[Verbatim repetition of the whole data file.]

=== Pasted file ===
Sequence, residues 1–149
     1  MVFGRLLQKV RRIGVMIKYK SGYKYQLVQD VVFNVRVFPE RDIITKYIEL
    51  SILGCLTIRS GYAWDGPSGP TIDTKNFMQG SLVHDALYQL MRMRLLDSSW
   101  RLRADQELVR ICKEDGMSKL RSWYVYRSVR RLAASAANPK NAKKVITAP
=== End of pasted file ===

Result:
Sequence, residues 1–149
     1  MVFGRLLQKV RRIGVMIKYK SGYKYQLVQD VVFNVRVFPE RDIITKYIEL
    51  SILGCLTIRS GYAWDGPSGP TIDTKNFMQG SLVHDALYQL MRMRLLDSSW
   101  RLRADQELVR ICKEDGMSKL RSWYVYRSVR RLAASAANPK NAKKVITAP